The pathogenesis of alcoholic liver disease (ALD) is multi-factorial. Animal and human studies suggest that gut-derived endotoxin is a critical factor contributing to ALD. Endotoxins are derived from the cell wall of Gram-negative bacteria, and normally penetrate the gut epithelium in only trace amounts due to tightly regulated intestinal barrier function. However, endotoxin leakiness is increased under pathological conditions, such as alcohol abuse. The barrier function of the intestinal epithelium is provided by paracellular apical junction complexes, including tight junctions and adherens junctions located at the apical end of epithelial cells, and by mucus layers. Protection of the mucus layer involves mucins and a number of regulatory peptides, such as intestinal trefoil factors (ITFs), which play critical rols in formation and stabilization of the barrier, enhancement of rapid intestinal repair ('restitution), modulation of mucosal differentiation processes, and modulation of the mucosal immune response. Formation and restitution of the barrier is also dependent on uninterrupted mucosal blood flow and ongoing glycolysis. Intestinal epithelial cells are positioned between an anaerobic lumen and a highly metabolic lamina propria forming a steep physiologic oxygen gradient. Physiological and pathological hypoxia induces hypoxia-inducible factor (HIF) -1 and -2, which represent a major adaptation response by upregulating a variety of gene products such as intestinal ITF, mucins and glycolytic enzymes. Our preliminary studies showed that chronic alcohol feeding decreased intestinal HIF-2, ITF and tight junction expression leading to increased endotoxemia and ultimately liver injury. Supplementation of a probiotic strain, lactobacillus rhamnosus GG (LGG), attenuates those deleterious effects and ALD. However, the mechanisms are unknown. Our central hypothesis is that alcohol feeding causes a change favoring oxidative stress, inflammation and mitochondrial damage, which reduces HIF responsive signaling and the targeted proteins, leading to disruption of gut barrier function, increased endotoxemia and subsequent ALD, and that probiotic supplementation will attenuate alcohol-induced liver injury by potentiating HIF regulated responses. To test this hypothesis, we will carry our following specific aims:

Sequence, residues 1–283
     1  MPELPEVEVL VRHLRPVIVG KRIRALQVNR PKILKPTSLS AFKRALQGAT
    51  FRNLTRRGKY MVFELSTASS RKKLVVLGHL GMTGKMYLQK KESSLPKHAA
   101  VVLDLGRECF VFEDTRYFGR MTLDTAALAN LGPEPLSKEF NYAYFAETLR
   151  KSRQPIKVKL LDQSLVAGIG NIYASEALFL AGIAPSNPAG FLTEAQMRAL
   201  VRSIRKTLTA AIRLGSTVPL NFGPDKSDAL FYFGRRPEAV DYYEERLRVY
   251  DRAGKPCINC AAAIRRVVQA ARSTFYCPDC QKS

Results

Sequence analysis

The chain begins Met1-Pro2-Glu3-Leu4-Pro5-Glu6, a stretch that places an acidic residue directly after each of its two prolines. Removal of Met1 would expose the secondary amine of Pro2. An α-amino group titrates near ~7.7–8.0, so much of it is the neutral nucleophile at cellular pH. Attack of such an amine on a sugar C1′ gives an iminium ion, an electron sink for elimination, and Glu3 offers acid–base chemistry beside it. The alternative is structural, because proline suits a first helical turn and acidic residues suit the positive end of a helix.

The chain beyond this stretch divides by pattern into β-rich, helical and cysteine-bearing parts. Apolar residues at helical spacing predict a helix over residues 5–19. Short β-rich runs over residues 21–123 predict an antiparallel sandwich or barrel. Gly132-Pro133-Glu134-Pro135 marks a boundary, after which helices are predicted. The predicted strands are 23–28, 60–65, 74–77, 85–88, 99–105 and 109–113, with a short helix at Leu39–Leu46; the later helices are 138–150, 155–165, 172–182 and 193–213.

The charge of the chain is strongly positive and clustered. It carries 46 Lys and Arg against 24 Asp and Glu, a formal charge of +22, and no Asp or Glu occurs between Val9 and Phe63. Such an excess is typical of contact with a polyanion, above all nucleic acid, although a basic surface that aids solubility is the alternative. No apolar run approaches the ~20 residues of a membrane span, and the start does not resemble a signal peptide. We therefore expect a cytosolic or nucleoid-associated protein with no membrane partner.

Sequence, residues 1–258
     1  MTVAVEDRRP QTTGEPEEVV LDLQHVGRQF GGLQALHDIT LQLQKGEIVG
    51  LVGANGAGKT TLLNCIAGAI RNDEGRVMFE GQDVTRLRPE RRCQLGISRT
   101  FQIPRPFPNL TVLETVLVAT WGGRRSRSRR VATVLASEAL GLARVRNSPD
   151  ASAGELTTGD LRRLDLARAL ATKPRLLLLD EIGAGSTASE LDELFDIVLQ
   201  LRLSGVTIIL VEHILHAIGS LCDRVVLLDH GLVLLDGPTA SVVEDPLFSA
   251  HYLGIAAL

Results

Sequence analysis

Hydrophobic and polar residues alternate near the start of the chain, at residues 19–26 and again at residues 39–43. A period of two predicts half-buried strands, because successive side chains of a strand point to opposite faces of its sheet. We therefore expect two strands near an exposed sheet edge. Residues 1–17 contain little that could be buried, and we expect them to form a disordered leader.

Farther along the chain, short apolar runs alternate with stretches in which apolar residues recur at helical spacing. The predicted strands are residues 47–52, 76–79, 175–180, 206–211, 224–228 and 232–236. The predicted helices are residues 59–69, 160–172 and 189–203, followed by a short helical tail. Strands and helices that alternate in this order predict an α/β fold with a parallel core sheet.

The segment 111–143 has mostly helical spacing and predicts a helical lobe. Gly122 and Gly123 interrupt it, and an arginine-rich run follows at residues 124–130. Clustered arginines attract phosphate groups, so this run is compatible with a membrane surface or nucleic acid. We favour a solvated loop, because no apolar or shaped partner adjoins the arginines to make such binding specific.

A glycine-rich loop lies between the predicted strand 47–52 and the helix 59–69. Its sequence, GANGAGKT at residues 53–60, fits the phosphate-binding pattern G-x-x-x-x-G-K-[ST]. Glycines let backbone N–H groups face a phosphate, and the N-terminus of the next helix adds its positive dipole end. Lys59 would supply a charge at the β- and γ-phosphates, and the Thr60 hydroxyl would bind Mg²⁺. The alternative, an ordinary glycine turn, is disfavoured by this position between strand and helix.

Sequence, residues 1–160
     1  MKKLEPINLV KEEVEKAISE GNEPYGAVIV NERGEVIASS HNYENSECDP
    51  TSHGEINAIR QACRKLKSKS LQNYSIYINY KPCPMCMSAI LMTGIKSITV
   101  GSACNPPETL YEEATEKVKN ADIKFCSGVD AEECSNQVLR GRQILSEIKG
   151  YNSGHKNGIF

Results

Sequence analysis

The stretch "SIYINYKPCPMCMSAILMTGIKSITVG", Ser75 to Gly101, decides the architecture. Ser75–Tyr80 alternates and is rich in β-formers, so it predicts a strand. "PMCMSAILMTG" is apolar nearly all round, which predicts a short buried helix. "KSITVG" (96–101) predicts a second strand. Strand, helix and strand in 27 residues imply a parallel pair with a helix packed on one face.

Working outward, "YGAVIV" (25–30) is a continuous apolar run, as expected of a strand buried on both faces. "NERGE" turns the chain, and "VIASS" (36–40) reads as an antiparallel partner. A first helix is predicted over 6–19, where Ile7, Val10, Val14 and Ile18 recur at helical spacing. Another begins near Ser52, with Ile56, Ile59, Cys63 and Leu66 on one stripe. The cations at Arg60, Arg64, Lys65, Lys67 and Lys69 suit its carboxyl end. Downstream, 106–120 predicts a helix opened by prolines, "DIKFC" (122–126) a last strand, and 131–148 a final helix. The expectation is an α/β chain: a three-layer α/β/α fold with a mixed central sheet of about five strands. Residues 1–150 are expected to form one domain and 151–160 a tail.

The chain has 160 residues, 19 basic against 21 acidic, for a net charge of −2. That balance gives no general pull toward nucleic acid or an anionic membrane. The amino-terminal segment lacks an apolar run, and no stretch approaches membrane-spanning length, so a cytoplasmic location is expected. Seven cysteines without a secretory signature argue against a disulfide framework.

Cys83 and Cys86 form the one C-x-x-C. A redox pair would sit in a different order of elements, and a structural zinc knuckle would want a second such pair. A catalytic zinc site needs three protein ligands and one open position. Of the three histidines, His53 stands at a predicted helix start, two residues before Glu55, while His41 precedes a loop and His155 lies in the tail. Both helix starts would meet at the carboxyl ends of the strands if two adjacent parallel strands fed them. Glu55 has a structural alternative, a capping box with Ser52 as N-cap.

Specific Aim 1. Determine the effects of ethanol and probiotics on intestinal HIF signaling and mechanisms in ALD.
Specific Aim 2. Determine whether HIF signaling is required for the protective effect(s) of probiotic supplementation against alcohol-induced liver injury. We will use intestine-specific HIF-1? and HIF-2? knockout mice to evaluate and compare the role of HIF-1? and HIF-2? in ALD. We will then use prolyl-4 hydroxylase-1 PH.D.1 knockout mice for a gain-of-function strategy to determine whether an increase HIF attenuates alcohol-induced mucus layer dysfunction in ALD. This study will have a major impact on the development of new therapeutic targets for the prevention and treatment of ALD.
Excessive alcohol drinking is a leading cause of chronic liver disease worldwide, which results in a spectrum of liver disorders that range from fatty liver to cirrhosis. The goals of this project are to investigate the effects of probiotic supplementation on alcohol-induced liver injury and the mechanisms related to hypoxia-inducible factor. This study will have a major impact on the development of new therapeutic targets for the prevention and treatment of ALD.
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